The beautiful paper that is made at the Richard de Bas Mill has been used by Picasso, Chagall, and Dalí not to mention it was originally used to print the French Constitution. To this day, the owner and staff make every sheet of paper by hand with many of the original presses and tools, which can take upwards of a month for a single sheet.
Of the many things to admire, I especially like imagining heading outside the mill to the garden where they hand pick flowers for their pressed flower paper.
Subtitled “warm earth music for plants…and the people that love them,” it was full of bucolic, charming, stoner-friendly, decidedly unscientific tunes enacted on the new-fangled device called the Moog. Plants date back to the dawn of time, but apparently, they loved the Moog, never mind that the synthesizer had been on the market for just a few years. Most of all, the plants loved the ditties made by composer Mort Garson.
Late 19th century Victorian radiator with a built in warming oven which was usually used to keep plates warm before serving food on them.
I love catching glimpses of ingenuity from throughout history. While I can reason why we abandoned this particular concept, as appealing as it may be, I often wonder why some others went by the wayside. Perhaps, just like in fashion, they’re just waiting for someone to take inspiration from them once again.
I’m embarrassed to confess that after more than twelve years in the technology industry and with a Masters degree for Science in Information, I have only just learned of Claude Shannon.
In a blockbuster paper in 1948, Claude Shannon introduced the notion of a “bit” and laid the foundation for the information age. His ideas ripple through nearly every aspect of modern life, influencing such diverse fields as communication, computing, cryptography, neuroscience, artificial intelligence, cosmology, linguistics, and genetics.
I hope to have a chance to catch this documentary if it ever makes its way to the Pacific Northwest or to streaming video. In the meantime, we can all learn more about Shannon the The Bit Player website.
From the New York Times archives, I stumbled upon an article celebrating and revealing the culture of collecting. The article was in response to an exhibit called The Keeper that was hosted at the New Museum in 2016. By some measure of good fortune, I was able to visit the exhibit at the time and I still think of it to this day.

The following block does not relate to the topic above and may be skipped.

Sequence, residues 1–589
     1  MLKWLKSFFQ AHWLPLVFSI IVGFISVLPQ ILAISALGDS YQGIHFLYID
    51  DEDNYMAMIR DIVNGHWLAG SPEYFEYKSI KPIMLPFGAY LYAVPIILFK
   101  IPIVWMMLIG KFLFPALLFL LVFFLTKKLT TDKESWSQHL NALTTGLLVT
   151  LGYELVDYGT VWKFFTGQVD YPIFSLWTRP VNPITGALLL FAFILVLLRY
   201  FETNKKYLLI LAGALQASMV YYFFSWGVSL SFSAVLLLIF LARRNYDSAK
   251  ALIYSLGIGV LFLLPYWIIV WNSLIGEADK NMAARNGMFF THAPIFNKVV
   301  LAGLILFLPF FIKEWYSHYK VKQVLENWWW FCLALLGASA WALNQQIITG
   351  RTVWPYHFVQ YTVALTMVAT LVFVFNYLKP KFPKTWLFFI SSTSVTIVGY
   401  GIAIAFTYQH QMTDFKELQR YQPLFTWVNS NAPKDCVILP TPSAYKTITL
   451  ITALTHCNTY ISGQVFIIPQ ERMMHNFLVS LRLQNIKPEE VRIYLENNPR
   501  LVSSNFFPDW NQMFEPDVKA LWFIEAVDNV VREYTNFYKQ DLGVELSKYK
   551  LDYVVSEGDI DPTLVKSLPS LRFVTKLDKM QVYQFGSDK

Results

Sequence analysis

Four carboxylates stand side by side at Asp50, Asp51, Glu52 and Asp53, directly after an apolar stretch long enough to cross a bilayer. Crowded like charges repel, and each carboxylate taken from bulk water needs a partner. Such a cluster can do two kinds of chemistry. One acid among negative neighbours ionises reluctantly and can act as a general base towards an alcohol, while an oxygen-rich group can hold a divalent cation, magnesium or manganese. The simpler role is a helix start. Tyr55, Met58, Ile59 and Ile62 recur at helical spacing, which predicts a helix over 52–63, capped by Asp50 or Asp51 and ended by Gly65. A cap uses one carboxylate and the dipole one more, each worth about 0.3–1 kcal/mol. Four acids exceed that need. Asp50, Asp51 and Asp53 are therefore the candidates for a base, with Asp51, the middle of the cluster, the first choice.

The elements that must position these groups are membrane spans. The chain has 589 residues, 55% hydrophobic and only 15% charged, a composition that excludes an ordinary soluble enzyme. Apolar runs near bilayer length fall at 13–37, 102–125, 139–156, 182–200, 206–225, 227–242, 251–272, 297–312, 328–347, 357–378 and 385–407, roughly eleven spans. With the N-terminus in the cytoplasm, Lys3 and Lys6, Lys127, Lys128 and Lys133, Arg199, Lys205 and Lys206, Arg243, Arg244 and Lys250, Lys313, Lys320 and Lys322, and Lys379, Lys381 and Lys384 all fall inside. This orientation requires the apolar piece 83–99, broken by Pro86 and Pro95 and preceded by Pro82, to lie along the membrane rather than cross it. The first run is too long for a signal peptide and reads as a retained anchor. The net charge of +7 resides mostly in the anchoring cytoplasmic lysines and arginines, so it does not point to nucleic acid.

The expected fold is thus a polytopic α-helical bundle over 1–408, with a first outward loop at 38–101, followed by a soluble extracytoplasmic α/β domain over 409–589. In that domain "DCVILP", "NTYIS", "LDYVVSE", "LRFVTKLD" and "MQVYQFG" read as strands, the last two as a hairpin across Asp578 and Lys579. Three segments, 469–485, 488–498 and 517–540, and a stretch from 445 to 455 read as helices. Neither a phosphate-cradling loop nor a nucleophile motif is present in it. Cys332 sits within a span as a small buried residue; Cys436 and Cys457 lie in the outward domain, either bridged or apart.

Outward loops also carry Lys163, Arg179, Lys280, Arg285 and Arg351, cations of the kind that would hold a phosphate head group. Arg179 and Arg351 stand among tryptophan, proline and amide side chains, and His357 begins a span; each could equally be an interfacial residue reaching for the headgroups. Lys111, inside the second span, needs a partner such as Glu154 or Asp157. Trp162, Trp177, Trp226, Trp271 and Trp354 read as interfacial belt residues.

There’s no mystery as to why the exhibit resonated so strongly with me. I’m a collector and I come from a lineage of collectors. I’ve had many collections throughout my life, starting in childhood with the toys you get in fast food kids meals, troll dolls, antique dolls from around the world, swanky swigs, and much more. My family gave gifts around our respective collections, which were often animal themed. For my grandmother it changed frequently and included chickens, railroad paraphernalia, anthropomorphized vegetables, and so many others I can’t recall. In addition to a collector she was also an antique dealer. This made it easy to accumulate and also to purge. She was always about the pursuit more than about the objects and so she could relinquish them more easily.
For my mother, I don’t think she was ever particularly sentimental around her collections. I suspect she collected because everyone else did and because it gave her daughter something easy to gift. That said, she easily amassed supplies related to whatever craft she was invested in at the time including yarns and beads.
At present moment, my largest collection is ornaments. I have at least 2,000 and within that I have subcollections of insects, animals, and pop culture. For all those ornaments, I probably have—at most—one Santa Claus and maybe one snowman. I have also amassed a lifetime of ephemera. Everything from notes passed in class during middle school to employee name tags to movie stubs and travel postcards. There are also the real photo postcards I collect of people and their pets throughout history. Of all the things I accumulate, my 200 or so plants are the ones that encroach on my living space the most, but then, that’s the point.
While everyone has different objects they collect as well as different reasons for collecting, for me they’ve both evolved over time. In the beginning, I was modeling my family’s behavior and it gave me a sense of belonging. At other times it was an extension of identity. At times, it was an outlet for stress, anxiety, or depression. These days, it’s mostly about appreciating craftsmanship, beauty, and what makes me happy. I don’t hold onto things as a completionist anymore. I hold onto them because I enjoy them and because I enjoy the pursuit of finding them.
Recently, I was confronted with a choice between multiple, equally good yet entirely different options. As much as I had prepared myself in the lead up to the decision, I hadn’t considered a scenario as good—or as challenging. Having exhausted all logic and reason (e.g. pro/con lists), I felt stuck and my anxiety began rising sharply.
Fortunately, my partner shared this TED Talk by Ruth Chang who discusses how to make hard choices when confronted with equally good but strikingly different paths. It helped me tremendously and I hope it will also serve you when you need it most.
Once again, Mr. Roger reminds us about what’s important in life. For a society that values information over wonder, we too often deprive ourselves and others of silence. With deprivation, we rob ourselves of the time to reflect and wonder.
Last month, through extreme sacrifice and personal loss, Caitlin Boston paid off more than $200K in student loans all by her “freaking self”. She attributes a large part of her success to asking her male colleagues what they were making.
“Ask your other peers what they make — especially your male ones. It might make you feel uncomfortable but it’s the sole reason I started making an additional 41% a year.”